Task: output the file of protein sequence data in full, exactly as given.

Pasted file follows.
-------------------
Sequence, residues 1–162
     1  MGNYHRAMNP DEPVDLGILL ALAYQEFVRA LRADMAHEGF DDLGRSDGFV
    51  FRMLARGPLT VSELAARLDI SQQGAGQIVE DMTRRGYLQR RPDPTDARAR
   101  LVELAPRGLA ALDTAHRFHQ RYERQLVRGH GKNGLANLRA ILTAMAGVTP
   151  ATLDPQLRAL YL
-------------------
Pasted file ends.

Sequence, residues 1–162
     1  MGNYHRAMNP DEPVDLGILL ALAYQEFVRA LRADMAHEGF DDLGRSDGFV
    51  FRMLARGPLT VSELAARLDI SQQGAGQIVE DMTRRGYLQR RPDPTDARAR
   101  LVELAPRGLA ALDTAHRFHQ RYERQLVRGH GKNGLANLRA ILTAMAGVTP
   151  ATLDPQLRAL YL